Pathophysiology of MS

Despite the variation in the fine details of the definitions, the MS basically clusters around central obesity. Central obesity is reflective of increased visceral fat, which is expected to have a higher rate of flux of adipose tissue-derived free fatty acid into the liver through the splanchnic circulation leading to increased very low-density lipoprotein production, hypertriglyceridemia, increased glucose release from the liver into systemic circulation and subsequent hyperinsulinemia, and insulin resistance [8]. In addition, visceral fat has been documented to have higher capacity to release proinflammatory cytokines such as tumor necrosis factor-α, interleukin-6, and C-reactive protein. A higher level of these cytokines is identified in MS [9] and in PD patients with obesity [10] and increased visceral fat [11]. Visceral fat, instead of subcutaneous fat, and waist circumference have also been demonstrated to be associated with atherosclerosis and cardiovascular disease in PD patients [12], [13], [14].

Prevalence of MS in PD patients

In the last few decades, obesity and diabetes mellitus have become an epidemic in many countries. It is expected that the incidence of MS is on the rise too. In general, the prevalence ranges from 20% to 40%, and a higher prevalence was found in more affluent countries and in the older population [8].
As expected, the prevalence of MS in PD patients also varies between countries and according to different definitions used. Szeto et al [15] compared the prevalence of MS in a single center in Hong Kong with 329 prevalent patients, including 31% of diabetics, and noted that the prevalence rates ranged from 53% to 66%, with higher prevalence according to the modified NCEP-ATPIII and then followed by the NCEP-ATPIII. Dong et al [16] found that the prevalence of MS in China from a multicenter study involving 4 different regions of China including 40% of diabetics was 55.4% according to NCEP-ATPIII. If diabetics are excluded, it is expected that the prevalence should be lower. In Taiwan, Liao et al [17] found that the prevalence was 52.9% among all PD patients, and it was 39.4% when diabetics were excluded. However, Prasad et al [18] reported 51.3% among nondiabetic PD patients. Therefore, there is substantial variation between countries and ethnicity, but the overall impression is that the prevalence is substantially higher than that in the general population even when diabetics are excluded.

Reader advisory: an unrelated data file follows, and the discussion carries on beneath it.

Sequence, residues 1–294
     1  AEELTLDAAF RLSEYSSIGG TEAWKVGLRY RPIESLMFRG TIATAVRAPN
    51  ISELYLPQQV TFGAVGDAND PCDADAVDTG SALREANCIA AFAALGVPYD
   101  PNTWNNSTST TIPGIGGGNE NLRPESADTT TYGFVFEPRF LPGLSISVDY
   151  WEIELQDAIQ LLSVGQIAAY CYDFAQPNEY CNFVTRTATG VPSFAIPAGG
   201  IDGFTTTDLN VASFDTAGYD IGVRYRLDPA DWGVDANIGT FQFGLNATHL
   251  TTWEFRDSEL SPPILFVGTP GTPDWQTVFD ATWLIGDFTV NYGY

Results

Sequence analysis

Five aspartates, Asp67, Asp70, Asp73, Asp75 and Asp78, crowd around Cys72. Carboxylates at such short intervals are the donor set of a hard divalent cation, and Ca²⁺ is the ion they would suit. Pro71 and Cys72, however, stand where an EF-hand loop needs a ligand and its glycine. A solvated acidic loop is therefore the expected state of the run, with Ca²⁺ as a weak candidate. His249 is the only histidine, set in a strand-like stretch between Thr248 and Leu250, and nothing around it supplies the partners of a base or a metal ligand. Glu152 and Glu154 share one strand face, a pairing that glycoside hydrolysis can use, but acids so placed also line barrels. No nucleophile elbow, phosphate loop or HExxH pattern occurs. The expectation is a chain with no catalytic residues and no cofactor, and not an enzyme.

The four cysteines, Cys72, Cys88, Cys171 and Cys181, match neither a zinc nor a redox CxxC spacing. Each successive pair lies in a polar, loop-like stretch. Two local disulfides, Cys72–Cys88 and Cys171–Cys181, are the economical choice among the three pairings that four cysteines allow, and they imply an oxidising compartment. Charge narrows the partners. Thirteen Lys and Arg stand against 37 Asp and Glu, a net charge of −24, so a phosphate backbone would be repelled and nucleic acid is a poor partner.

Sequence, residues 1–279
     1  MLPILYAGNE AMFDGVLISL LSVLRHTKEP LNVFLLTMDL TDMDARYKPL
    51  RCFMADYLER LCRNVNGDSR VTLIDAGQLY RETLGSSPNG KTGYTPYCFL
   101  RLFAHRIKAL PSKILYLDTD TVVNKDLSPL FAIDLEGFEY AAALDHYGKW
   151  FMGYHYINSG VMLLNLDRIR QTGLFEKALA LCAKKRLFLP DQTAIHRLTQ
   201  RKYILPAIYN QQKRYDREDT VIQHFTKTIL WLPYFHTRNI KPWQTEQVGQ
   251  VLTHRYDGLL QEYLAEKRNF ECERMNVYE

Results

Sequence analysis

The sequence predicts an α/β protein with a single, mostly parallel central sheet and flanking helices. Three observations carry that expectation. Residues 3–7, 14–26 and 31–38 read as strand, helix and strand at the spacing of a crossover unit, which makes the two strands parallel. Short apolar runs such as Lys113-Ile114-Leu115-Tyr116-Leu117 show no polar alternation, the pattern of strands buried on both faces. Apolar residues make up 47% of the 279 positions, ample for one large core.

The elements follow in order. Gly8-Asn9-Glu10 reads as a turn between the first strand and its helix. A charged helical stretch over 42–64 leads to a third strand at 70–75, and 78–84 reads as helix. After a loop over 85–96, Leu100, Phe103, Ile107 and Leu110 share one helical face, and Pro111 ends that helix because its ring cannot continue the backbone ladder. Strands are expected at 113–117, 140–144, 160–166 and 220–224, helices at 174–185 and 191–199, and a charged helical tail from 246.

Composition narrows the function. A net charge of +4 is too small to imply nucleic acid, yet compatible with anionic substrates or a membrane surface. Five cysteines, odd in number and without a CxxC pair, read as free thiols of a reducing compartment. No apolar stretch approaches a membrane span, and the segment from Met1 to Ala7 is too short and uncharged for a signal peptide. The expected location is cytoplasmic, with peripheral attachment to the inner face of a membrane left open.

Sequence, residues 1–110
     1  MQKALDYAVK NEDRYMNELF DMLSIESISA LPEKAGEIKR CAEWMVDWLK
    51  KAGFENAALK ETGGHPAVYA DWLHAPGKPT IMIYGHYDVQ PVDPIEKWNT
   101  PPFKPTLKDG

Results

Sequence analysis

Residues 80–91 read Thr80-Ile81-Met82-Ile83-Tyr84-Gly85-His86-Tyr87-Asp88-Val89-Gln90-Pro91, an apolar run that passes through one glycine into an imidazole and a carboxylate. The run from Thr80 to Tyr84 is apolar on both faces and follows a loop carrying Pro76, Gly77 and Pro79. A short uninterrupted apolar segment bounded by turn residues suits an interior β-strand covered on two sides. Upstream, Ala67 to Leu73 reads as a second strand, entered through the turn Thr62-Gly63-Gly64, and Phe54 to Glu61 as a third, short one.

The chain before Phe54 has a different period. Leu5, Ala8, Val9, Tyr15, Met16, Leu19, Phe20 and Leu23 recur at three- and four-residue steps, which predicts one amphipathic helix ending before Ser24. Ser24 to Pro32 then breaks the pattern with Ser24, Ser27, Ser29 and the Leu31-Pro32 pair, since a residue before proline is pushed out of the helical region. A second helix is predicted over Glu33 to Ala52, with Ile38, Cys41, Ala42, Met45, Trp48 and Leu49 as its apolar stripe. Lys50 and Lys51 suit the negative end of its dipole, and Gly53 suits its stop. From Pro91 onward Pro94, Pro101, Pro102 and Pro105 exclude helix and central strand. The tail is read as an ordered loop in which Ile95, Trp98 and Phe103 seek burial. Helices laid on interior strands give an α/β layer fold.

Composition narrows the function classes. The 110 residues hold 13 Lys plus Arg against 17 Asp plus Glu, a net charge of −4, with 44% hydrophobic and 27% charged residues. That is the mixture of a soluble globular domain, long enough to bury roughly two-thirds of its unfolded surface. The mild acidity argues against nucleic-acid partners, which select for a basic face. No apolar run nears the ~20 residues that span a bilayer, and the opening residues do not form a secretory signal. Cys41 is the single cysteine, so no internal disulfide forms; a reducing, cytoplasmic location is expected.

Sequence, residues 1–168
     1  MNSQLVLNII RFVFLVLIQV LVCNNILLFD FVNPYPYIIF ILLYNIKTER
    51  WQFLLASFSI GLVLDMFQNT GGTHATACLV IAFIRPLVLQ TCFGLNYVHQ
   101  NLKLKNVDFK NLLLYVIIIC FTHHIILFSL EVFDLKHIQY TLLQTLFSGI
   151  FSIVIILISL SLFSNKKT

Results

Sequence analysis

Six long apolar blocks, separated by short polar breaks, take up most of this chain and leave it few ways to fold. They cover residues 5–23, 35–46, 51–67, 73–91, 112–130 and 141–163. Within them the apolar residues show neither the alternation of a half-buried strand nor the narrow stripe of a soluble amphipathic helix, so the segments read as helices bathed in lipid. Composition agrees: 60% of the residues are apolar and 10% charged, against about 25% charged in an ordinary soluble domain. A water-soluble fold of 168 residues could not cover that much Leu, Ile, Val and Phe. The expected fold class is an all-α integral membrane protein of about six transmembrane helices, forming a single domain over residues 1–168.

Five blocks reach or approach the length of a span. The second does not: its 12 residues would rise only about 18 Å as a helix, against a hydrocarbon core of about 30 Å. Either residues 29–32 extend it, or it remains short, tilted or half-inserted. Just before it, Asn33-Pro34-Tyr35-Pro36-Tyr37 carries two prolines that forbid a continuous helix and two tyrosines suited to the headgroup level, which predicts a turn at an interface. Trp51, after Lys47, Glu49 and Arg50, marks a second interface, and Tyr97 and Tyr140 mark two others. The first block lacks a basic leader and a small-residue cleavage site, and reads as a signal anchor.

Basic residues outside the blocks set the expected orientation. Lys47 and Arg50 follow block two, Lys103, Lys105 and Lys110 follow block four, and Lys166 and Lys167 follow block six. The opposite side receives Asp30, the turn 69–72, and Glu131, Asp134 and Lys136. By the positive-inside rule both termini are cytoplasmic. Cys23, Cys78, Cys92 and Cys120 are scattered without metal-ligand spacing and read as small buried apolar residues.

Controversies about MS in PD patients

Clinical outcome of PD patients with MS

There is little argument against the detrimental effect of diabetes on patient survival among PD patients, yet it was arguable whether MS or its individual elements such as obesity, new-onset hyperglycemia, or dyslipidemia have effect on patient survival in PD patients. This is largely affected by the well-known reverse epidemiology in many different risk factors observed in dialysis patients.